"I just can't sit and do nothing when you and the other people who are mine are in trouble. It isn't in me."
Frost Burned opens up with Mercy and Jesse braving the Black Friday crowds for some bonding time, and ending up bonding over a car accident instead of Darryl's new mixer. Strangely, no one in the pack is answering their phones when Mercy calls to report in about their crunchy delay. There is only one cryptic text message directly from Bran. Then Mercy and Jesse get back to Mercy's garage to find that the entire pack, except for the delightfully foul-mouthed Ben, have been kidnapped by mysterious government soldier-agents.
I have complained about other series' subscriptions to The Power of the Month Club. Unfortunately, I think that the Mercy Thompson series can now be termed The Political Power Play of the Month club. While most of the players aren't human, that doesn't mean it's not politics. I can't explain more without giving away the big bad plot reveal, but suffice to say I did have a WHAT? moment when the doorbell rang. Really. The book was over at that point. The police were notified, Adam was plotting his press conference, and there was pizza for everyone. Then suddenly a whole new set of characters showed up, and we are off to watch another fight over political problems that no one knew mattered before that page got turned. The more I think about it, the more I wonder if the ending of Frost Burned was plucked out of the pile of "Rejected Fight Scenes for Bone Crossed."
And speaking of politics, in the opening scenes, the readers are reminded of what happened over in the parallel series (Alpha and Omega): that the greater Fae have rejected the US Government's laws and justice... and disappeared. However, the only impacts this appears to have on Frost Burned is that our cute half-breed Tad finally gets to show his daddy's powers, the characters never visit Uncle Mike's, and Zee is... just as cranky as usual. Never mind. Roll on...
The other fun crossover from Alpha and Omega is that Asil plays a strong and nuanced role in supporting the good government agents. Call me twisted, but I really enjoy Asil's manners and mannerisms. As a werewolf who is older than the Colonies of the New World, Asil's presence provides a deeper contrast and coloration of the other characters, especially Zee.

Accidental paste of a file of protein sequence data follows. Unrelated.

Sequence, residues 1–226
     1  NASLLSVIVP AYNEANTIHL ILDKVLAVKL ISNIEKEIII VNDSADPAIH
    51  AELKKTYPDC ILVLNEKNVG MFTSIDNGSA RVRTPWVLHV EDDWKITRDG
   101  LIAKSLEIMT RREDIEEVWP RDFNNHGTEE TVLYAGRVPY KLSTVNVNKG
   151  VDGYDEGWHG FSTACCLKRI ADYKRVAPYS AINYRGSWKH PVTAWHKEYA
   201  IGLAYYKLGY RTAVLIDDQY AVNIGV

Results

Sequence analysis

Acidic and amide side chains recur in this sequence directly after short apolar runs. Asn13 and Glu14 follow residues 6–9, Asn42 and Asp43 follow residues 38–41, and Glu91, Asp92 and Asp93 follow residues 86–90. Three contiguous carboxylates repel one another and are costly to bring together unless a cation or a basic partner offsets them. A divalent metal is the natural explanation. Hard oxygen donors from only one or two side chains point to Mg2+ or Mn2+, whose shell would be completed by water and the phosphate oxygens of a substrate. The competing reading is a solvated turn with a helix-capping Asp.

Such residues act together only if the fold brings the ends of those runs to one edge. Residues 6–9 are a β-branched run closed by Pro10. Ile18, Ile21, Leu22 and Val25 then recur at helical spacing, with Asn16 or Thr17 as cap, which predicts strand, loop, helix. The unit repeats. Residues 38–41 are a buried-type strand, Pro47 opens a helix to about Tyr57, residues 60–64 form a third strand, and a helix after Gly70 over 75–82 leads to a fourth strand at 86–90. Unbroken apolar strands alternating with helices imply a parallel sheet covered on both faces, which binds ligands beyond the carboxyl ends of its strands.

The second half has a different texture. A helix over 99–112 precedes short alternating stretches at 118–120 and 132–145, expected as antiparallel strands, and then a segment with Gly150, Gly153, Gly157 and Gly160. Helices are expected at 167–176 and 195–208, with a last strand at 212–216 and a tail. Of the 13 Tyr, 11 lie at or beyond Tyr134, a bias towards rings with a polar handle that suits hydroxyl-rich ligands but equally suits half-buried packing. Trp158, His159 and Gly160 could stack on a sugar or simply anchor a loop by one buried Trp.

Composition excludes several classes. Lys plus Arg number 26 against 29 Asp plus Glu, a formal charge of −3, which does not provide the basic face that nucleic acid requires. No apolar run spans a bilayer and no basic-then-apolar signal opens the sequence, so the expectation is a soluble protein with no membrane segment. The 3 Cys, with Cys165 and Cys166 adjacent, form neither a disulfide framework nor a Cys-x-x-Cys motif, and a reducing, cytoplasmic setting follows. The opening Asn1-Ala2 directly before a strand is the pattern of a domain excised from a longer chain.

Along with Asil's trip into this series, Frost Burned is a roll-call of almost every character I've ever known and liked. We get a lot of Kyle time and a good amount of Jesse time, and everyone down to Mary Jo and Honey have a role - even if they only have one growl to add to the conversation. (The absence of Samuel is actually more obvious because of it.)
From the car accident to a house invasion or two, to street fights (hi, Tony!) and beyond, this book is nearly non-stop action. There are the usual arguments about how to save people and whether there are bad guys hiding in particular places. And Mercy makes her typical decisions to ride to the rescue despite risk to life, limb, and of course, vehicle. The point of view bounces from Mercy to Adam and back, with some interesting pack-bond magic providing the bridge for some of the characters knowing what they shouldn't because of where they are.
I had a great time reading Frost Burned. Briggs has fantastic talent with dialog that resonates perfectly with my warped sense of humor. I recommend this story to anyone who wants to go on with the Mercy Thompson series, regardless of your opinion of River Marked. I'll offer one spoiler for you, too: we are not playing Hospital Visit of the Month in this series. See? Isn't that nice of me?
Books for 2013